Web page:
is a good thing. My mother doesn’t know

that not loving every inch of her daughter doesn’t look good on her,
that I hate the color yellow and I look damn good in tight dresses.
That I am an hourglass filled with hot sunlight
nearly bursting at the seams
and crazy enough not to want to escape this body
but to try to raise it from the ashes of the Snow White fire
my birth lit on the dead grass.

I am phoenix. I am blood and feathers. I am hollow bones
and thick thighs and legs on concrete. I
am burning yellow tulips crushed by heavy footfalls,
sour lemon balanced on the edge of the sidewalk.
I am glowing white hot filled with thick and my own love.
I have been a better mother to my skin than my own ever was.
—  “Yellow” by M.E.S.
CLONE SCRIPTS: THE M.E.S.

There is a whole family of spec scripts that is identified by these elements in the first ten pages.

  • A male lead 20-29.
  • Who is white.
  • Who pines for a better class of girlfriend than his own materialistic and demanding one.
  • Whose job is unrewarding.
  • Who is put upon by people who have expectations of him.
  • Whose inciting incident is an opportunity to rise in status.

The second act is characterized by:

  • An oversexed female character who pursues him, to his dismay.
  • A more powerful male character who blocks the attempt to rise in status out of spite or sadism.
  • A girl-next-door who captures his heart but seems unattainable.
  • Some situations of social awkwardness.
  • A goofball friend.
  • Waffling on the part of the protagonist as he reacts to obstacles placed in his path.
  • Safety nets that prevent his flaws from causing painful consequences.
  • The risk of the girl-next-door falling to the more powerful male antagonist.

The third act is characterized by:

  • A showdown in which the more powerful male character is exposed as a shallow and selfish manipulator.
  • The rejection of the antagonist by his superiors and the girl-next-door.
  • The awarding of the girl-next-door to the protagonist.

M.E.Sses are low-stakes stories with protagonists whose challenge is to tweak their personalities enough to take the antagonist’s place in the hierarchy.

To turn your M.E.S. into something different, focus on the elements that make it low-stakes and swap out trope characters. Deconstruct it. Update it. Acknowledge that this story drips with archaic privilege. Use that to your advantage to make it fresh and unexpected.

And hurt the guy. Real change is a painful process that inspires admiration and sympathy. That’s what you want in your protag.

Forget what they taught you in school.
You are a time traveler,
not the admission of guilt you were raised as.
You are no accident, not the crown of thorns
they twisted you into.
Your mother said it hurt like hell when you were born,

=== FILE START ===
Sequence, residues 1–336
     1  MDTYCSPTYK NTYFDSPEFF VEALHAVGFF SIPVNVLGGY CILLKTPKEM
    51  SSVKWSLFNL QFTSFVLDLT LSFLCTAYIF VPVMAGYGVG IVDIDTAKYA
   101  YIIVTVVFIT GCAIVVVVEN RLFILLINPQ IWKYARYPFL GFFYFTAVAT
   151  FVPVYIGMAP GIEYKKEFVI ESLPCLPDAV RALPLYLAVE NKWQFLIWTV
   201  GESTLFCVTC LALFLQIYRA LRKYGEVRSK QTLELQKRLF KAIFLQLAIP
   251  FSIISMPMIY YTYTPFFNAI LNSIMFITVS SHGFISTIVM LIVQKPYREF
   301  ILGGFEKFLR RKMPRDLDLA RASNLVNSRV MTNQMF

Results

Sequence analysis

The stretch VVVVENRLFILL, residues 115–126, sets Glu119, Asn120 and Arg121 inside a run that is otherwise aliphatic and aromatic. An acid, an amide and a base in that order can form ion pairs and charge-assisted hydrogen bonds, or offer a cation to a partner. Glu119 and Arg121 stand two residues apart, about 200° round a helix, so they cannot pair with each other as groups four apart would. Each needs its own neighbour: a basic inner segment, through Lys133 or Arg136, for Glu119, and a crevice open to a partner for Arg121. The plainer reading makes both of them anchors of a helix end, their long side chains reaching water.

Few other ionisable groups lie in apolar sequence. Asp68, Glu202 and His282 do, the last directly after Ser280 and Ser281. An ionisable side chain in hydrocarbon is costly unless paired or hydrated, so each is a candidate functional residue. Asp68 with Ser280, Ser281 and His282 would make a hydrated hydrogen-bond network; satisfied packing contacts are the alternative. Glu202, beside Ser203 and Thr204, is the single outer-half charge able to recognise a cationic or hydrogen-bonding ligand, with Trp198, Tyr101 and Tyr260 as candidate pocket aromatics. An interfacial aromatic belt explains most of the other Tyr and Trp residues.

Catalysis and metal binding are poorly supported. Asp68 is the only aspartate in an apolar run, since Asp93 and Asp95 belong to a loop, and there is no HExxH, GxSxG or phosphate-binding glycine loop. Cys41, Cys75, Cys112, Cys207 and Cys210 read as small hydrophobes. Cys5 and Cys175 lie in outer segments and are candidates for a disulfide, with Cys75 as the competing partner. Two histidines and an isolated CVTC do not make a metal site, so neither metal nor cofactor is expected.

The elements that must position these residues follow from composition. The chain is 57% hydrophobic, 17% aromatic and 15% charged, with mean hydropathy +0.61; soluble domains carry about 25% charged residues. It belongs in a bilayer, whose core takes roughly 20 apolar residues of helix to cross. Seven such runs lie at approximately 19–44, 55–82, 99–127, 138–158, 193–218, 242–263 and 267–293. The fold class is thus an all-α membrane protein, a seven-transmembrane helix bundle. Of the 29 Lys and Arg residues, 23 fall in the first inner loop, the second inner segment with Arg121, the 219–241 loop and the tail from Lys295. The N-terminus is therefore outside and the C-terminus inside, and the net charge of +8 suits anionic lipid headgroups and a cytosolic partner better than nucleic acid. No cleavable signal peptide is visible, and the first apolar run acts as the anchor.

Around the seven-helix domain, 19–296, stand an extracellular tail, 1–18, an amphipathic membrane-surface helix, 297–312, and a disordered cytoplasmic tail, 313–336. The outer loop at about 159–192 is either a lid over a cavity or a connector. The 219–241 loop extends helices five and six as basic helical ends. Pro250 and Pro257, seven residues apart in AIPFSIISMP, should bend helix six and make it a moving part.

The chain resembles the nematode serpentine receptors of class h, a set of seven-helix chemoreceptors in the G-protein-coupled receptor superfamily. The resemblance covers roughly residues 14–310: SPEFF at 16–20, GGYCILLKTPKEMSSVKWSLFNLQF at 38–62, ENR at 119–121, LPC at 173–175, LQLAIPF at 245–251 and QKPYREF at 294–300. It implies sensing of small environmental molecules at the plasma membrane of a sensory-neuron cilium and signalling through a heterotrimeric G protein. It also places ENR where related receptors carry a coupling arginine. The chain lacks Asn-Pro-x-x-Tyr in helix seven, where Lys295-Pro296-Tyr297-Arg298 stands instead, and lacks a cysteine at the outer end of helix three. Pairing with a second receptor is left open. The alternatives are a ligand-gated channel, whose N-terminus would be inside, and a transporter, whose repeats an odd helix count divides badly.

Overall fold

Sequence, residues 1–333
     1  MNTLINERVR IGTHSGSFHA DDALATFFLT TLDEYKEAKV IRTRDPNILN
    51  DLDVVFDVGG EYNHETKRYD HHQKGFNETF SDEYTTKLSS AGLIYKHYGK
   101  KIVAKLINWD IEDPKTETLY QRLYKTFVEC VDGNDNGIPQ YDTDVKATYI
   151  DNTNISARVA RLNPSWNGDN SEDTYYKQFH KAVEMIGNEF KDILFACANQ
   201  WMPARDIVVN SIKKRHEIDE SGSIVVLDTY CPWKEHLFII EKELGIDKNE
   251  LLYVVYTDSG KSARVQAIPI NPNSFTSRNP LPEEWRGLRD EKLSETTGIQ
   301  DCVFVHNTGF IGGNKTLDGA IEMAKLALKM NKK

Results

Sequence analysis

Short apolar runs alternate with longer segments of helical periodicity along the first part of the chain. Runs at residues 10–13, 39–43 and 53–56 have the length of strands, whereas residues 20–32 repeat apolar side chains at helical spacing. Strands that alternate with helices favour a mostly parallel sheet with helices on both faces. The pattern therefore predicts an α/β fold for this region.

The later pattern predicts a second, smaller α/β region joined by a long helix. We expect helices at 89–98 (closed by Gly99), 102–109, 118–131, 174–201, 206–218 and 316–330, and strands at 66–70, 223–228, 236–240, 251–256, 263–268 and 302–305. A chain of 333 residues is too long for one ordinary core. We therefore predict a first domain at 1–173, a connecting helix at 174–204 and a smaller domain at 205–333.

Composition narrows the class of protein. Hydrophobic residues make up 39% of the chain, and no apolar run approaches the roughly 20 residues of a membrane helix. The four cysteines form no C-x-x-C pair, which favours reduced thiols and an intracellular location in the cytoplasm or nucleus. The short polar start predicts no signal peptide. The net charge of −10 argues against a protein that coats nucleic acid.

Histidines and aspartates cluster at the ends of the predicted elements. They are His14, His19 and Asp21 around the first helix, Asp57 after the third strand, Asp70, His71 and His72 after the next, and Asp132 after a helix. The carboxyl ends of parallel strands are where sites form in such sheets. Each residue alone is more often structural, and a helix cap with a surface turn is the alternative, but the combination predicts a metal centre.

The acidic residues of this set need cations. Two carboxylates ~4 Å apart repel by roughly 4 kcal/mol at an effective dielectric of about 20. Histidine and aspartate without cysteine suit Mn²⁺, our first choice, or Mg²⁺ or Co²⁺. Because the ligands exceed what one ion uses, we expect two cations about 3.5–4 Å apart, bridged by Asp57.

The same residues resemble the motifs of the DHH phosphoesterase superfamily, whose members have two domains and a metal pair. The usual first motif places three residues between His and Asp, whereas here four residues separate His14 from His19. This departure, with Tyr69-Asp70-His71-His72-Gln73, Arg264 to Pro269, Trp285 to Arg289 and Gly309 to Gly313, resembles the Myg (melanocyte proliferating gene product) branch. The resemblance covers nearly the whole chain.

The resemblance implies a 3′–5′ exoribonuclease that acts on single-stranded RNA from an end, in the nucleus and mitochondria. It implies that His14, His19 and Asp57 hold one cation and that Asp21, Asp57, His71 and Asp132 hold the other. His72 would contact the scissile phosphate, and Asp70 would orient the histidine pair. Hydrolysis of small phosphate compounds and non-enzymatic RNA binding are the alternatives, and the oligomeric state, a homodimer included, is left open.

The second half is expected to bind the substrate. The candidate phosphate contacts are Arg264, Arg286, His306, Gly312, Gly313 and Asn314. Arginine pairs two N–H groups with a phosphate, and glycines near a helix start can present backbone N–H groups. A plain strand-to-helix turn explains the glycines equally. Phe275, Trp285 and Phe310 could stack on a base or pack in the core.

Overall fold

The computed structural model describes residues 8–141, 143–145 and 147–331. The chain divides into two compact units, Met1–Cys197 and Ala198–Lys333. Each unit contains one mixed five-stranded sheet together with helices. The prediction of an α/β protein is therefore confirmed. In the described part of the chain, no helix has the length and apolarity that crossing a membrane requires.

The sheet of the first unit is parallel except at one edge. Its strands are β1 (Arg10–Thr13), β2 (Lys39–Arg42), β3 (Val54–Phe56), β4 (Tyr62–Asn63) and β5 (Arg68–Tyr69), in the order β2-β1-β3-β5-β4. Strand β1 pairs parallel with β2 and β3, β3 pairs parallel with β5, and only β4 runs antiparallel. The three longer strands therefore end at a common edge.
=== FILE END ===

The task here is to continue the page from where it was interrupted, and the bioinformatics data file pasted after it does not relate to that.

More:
said you burned her on the way out.
You wonder now why everything you touch turns to flame.
It isn’t about your fingers, the world is just too cold.
You have lived a thousand years and more
and I know it sounds crazy,
but sometimes you need to believe people when they make promises
and I’m making this promise—
that you are growing angels in your chest cavity.
You breathe out feathers, and this is why
they don’t know what to do with you.
They’ve never met anyone like you.
Forgive them. Forgive them.
—  “About You” by M.E.S.

1. On a special programming day at school, a local self-defense teacher came to teach a session, one for the boys, one for the girls. Over half the girls in my grade paid hundreds of dollars to take her weeklong class that summer. There was no class for boys.

2. The first time a boy liked me and I didn’t like him back, I felt a lot of things. I was confused, flattered, unsure. But what surprised me was the guilt. I felt that since a man was interested in me, I was expected to like him back. I tried so hard to convince myself I did. When I failed, I couldn’t look at him. I was too scared to tell him no.

3. In seventh grade, a girl I knew told me that all girls were either prudes or sluts. I only noticed recently how long I’d believed that.

4. After I gave my ex boyfriend a blow job, I asked him if he now planned to live up to his promise of taking care of me as well. He informed me that the thirty seconds of over the pants touching before I got on my knees counted the same as his orgasm.

5. I was dragged by the arm to the head of upper school’s office by a teacher with acid on her tongue when I bent over and didn’t realize that my skirt had ridden up. At my plaid skirt white oxford button down slacks school, I had seen boys show up in sweatpants because they were too lazy to put on their uniform that morning. All they got was a faintly sarcastic reprimand.

6. When I tried to wear a tight skirt to dinner one night my parents were horrified. They said I looked like a slut and by wearing it I would be “giving people the wrong idea about me.”

7. In second grade a boy pulled out the front of my blue flowered shirt, looked down, and said “ew, nipples.” When I ran to the teacher about this, she didn’t seem particularly concerned.

8. I had to write this list.

—  8 Times I Realized that Feminism is Still Important by M.E.S.